When Pierre Dorion was hired as the Senators general manager on April 10, 2016 he immediately thanked the man upstairs.
Bryan Murray, that is.
On that same day, Murray, sick with stage 4 colon cancer and wanting to spend more time with his family, reluctantly left the GM position and took on an advisory role. Little more than a year later, Murray died, the first of a string of bad news events for the Senators.
What followed would be a 30th place finish in 2017-18 and a dressing room divided, partly due to a cyber-bullying situation between star players Mike Hoffman, Erik Karlsson and their partners. This story broke during the summer of 2018, an off-season that would also see charges of harassment against assistant general manager Randy Lee, and his eventual resignation. Now, on the heels of a collapse of a RendezVous LeBreton deal that could have moved the franchise to a new arena in central Ottawa, the Senators are destined for another lowly finish amid screams of a full-on rebuild.
All of this happened under the watch of the thinnest hockey operations department in the NHL. At the time of his promotion, Dorion had been one of two assistant GMs, along with Lee. Dorion was not replaced. Peter MacTavish eventually replaced Lee. Neither was Murray, the former GM, former head coach, replaced in his role as senior advisor to hockey operations.
A little more than 1 1/2 years after Murray’s death, the Senators are finally getting around to hiring a president of hockey operations, a story broken by Elliotte Friedman on “Hockey Night In Canada.” In his 31 Thoughts column, Friedman added “it sounds like the NHL is involved in the process.”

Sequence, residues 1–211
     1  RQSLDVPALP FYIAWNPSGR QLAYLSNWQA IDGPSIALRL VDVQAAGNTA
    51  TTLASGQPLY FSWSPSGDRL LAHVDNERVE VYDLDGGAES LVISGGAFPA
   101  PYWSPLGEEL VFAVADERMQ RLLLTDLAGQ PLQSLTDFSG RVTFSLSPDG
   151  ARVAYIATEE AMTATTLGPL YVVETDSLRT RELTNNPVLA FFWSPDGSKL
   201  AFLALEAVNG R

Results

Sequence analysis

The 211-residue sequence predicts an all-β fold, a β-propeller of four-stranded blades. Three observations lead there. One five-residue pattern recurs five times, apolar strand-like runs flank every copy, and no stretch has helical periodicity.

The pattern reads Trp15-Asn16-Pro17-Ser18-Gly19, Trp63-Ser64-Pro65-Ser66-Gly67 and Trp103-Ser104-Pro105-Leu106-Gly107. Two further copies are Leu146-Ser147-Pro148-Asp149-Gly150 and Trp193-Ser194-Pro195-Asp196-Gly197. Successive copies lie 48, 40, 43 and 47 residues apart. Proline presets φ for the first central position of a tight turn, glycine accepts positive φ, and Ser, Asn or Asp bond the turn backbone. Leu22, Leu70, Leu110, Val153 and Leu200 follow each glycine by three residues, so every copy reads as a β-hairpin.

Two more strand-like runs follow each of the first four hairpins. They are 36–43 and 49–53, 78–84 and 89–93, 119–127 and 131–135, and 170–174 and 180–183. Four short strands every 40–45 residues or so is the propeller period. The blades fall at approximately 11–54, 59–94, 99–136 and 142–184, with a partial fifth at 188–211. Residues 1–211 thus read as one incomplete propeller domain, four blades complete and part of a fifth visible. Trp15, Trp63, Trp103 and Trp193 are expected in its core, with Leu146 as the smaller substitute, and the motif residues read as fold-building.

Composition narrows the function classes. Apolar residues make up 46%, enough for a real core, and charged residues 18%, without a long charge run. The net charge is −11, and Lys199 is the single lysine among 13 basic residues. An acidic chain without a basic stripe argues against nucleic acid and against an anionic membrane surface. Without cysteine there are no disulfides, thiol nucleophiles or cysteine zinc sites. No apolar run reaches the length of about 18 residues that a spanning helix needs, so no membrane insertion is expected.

In fact, the very idea of hiring a president of hockey ops in Ottawa seems to have come from the NHL head office, which is hoping to add some stability to a troubling franchise situation.
In their subsequent statement, the Senators declared they intend to “fill the void left by the late Bryan Murray,” and that the Senators have become an “attractive destination for hockey executives” because they have as many as 17 potential draft picks in the top three rounds of the next three entry drafts.
Hmmmm. OK. Let’s pretend, for a moment, there will be a lineup at the door to recruit more young prospects for the Senators, although the prospect of a Stanley Cup contender is realistically years away.
It’s certainly a sound idea to have a hockey operations president in the mix – nearly every NHL team has one. But given the developments in the Senators front office in recent seasons, we would suggest that in the upcoming interviews, potential candidates for the job will have at least as many questions for owner Eugene Melnyk and the NHL head office as the NHL head office and Melnyk would have for them.
Here’s a few questions the president-to-be might want answered:
Why has there been so much turnover of management personnel?
Those scoring at home will know the Senators have burned through executives and managers at a rate California wild fire fighters could appreciate. Cyril Leeder, former CEO, alternate governor and franchise co-founder, his replacement, Tom Anselmi, chief financial officer Ken Taylor, next CFO Stephen Brooks, chief marketing officer Peter O’Leary, senior counsel Wendy Kelley, broadcast VP Jim Steel, director of human resources Sandi Horner – and many others – either left or were fired by Melnyk in the past two years. Nicolas Ruszkowski, as chief operating officer, and Aimee Deziel, chief marketing officer, are the latest into the breach, trying to put a positive spin on what has been another bizarre season. An incoming president on the hockey side will want to know why the front office environment has been so toxic, and wonder why there is realistic hope for stability.
It’s the autonomy, stupid. Will the prez preside?